German producer Shuko exists in two worlds of Hip Hop. On one hand, the veteran has done official remixes with the likes of golden era luminaries O.C. [click to read] and Rakim [click to read], as well as a producer with a sound that’s impressed mixtape-minded contemporaries like Tyga [click to read] and Papoose. Joining forces with Coalmine Records, a fledging Brooklyn-based label, Shuko‘s beats meet DJ Dutchmaster‘s seamless mixing on The Foundation, and both sides of the game, new and old, dropping in for a producer and label compilation all in one.
Rather than poke around the same series of samples used by most producers influenced by the Pete Rock [click to read], DJ Premier and D.I.T.C. class, Shuko‘s knack for obscure, ’80s-minded samples gives him a unique identity. “Getting Up Anthem” by Talib Kweli [click to read] and Rakim, is a rich texture. Both New York emcees express a love of graffiti, by describing train lines and the bombing process in the yesteryears of the Big Apple. The vocal sample, perhaps European, describes subway trains, only building to the song, recognizeable to players of Marc Ecko‘s Getting Up: Contents Under Pressure videogame. With Dutchmaster (Coalmine‘s CEO) cutting a bit, that same formula follows into the next track, “Outta Ya’ Dome,” by Born Unique, Bad Seed and Canayda. This track uses sped up ’80s glam Rock samples, similar to Jay-Z‘s “Early This Morning” or Lupe Fiasco‘s “Real” productions.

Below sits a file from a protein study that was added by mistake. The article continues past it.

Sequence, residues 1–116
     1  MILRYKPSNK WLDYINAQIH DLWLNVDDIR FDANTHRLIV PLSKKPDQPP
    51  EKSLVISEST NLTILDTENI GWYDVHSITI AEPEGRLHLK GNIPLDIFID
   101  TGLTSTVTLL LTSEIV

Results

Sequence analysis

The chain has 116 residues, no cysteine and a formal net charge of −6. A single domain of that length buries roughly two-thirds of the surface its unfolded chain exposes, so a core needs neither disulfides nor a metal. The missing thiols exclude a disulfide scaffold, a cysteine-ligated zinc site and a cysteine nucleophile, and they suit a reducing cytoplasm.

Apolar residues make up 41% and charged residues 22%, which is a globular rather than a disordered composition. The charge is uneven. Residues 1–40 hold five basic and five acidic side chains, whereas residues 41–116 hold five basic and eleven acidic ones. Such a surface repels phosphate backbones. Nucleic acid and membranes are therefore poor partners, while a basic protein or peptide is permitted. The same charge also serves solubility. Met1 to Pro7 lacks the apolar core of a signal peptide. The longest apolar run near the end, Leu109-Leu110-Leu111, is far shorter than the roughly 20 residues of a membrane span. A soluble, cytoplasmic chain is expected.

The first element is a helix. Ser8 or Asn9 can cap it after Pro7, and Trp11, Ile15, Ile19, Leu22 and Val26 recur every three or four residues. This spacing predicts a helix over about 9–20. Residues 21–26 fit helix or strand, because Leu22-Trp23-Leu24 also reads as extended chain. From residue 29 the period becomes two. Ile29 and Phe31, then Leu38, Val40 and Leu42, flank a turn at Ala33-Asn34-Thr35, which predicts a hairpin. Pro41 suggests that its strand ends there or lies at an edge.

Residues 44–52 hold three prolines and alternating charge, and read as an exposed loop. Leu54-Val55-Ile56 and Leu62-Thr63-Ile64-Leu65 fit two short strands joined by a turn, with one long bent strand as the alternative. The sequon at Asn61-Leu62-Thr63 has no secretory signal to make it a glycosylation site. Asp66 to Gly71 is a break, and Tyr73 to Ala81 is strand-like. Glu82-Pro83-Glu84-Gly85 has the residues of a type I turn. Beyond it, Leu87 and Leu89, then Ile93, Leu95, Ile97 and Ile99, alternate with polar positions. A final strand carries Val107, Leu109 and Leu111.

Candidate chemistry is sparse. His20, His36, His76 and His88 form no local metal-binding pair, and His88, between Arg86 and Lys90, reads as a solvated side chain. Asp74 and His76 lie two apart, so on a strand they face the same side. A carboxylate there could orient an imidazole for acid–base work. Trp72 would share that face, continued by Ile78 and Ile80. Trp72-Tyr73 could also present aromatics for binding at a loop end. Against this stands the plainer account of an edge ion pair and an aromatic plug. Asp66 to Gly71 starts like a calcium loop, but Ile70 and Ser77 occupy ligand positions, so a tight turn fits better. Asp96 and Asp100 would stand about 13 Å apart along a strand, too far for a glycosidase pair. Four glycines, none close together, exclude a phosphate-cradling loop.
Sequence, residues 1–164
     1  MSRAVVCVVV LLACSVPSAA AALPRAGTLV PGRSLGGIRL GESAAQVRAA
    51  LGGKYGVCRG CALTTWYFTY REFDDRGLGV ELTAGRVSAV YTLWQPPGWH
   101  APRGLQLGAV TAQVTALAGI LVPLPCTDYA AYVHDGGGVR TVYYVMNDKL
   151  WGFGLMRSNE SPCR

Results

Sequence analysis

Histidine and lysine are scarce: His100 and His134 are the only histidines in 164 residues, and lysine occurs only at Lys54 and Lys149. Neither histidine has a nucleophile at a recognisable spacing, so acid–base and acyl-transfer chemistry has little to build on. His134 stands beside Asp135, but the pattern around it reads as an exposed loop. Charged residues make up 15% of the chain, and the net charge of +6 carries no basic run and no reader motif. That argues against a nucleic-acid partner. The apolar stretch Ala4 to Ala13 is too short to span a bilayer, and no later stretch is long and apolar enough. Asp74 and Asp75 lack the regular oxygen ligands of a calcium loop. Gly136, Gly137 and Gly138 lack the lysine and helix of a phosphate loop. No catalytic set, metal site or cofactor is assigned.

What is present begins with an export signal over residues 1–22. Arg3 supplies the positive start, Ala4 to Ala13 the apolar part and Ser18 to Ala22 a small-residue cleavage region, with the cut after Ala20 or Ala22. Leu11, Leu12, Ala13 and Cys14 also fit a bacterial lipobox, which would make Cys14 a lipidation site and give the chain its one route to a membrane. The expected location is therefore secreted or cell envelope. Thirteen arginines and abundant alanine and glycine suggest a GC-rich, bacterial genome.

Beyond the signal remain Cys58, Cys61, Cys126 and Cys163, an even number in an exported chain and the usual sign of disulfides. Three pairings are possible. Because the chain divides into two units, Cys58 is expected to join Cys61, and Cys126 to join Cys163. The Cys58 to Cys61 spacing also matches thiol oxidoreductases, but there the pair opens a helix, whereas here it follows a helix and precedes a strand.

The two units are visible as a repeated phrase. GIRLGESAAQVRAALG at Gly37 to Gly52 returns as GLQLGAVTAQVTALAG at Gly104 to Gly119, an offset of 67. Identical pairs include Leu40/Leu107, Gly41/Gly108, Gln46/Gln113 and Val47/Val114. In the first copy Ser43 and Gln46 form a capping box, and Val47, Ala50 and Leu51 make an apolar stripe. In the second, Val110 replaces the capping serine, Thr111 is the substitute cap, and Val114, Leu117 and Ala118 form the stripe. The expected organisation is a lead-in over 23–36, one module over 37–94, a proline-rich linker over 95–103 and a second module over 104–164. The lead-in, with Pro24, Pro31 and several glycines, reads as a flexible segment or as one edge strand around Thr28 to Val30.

The gem of the album is Canibus [click to read], Chino XL and Bekay on “Do This.” Although Bekay does his best to mix in with the machine-like mandibles of Chino and ‘Bis, his middle verse is overshadowed by a Canibus, that sounds as he did a decade ago, and a Chino XL that has taken on a Vinnie Paz-like mic presence, “I’m the illest, I’m like Jesus to these young kids,” before a trademark celebrity outsing, claiming Tom Cruise‘ marriage to Katie Holmes was a homosexual cover-up.
With its doses of interesting beats and a great collection of independent emcees, The Foundation is not without its weak points. Although hilarious hosts to the mixtape-album, Heltah Skeltah‘s [click to read] “Midnight Madness” does little justice to the veteran duo’s extensive catalogue. Relative rookies Frank B., Dre Robinson and XL also deliver mediocrity amongst contributions from decorated veterans ranging from Big Noyd to Cuban Link to R.A. The Rugged Man.
The Foundation is solid and its strong. Coalmine Records has manufactured a number of interesting collaborative singles, in an effort to introduce deserving new talent and provide opportunities for vets. This mixtape-album is a CD journey through those efforts, recent and older, strong and otherwise. Like any mixtape, a cohesive theme is harder to find here, and Shuko‘s sound varies a good bit, and for as many prolific moments, there are dull. But few labels are actively releasing singles, and making collaborative emceeing nearly as exciting as this label, and this is a collective entry-point to the goodness.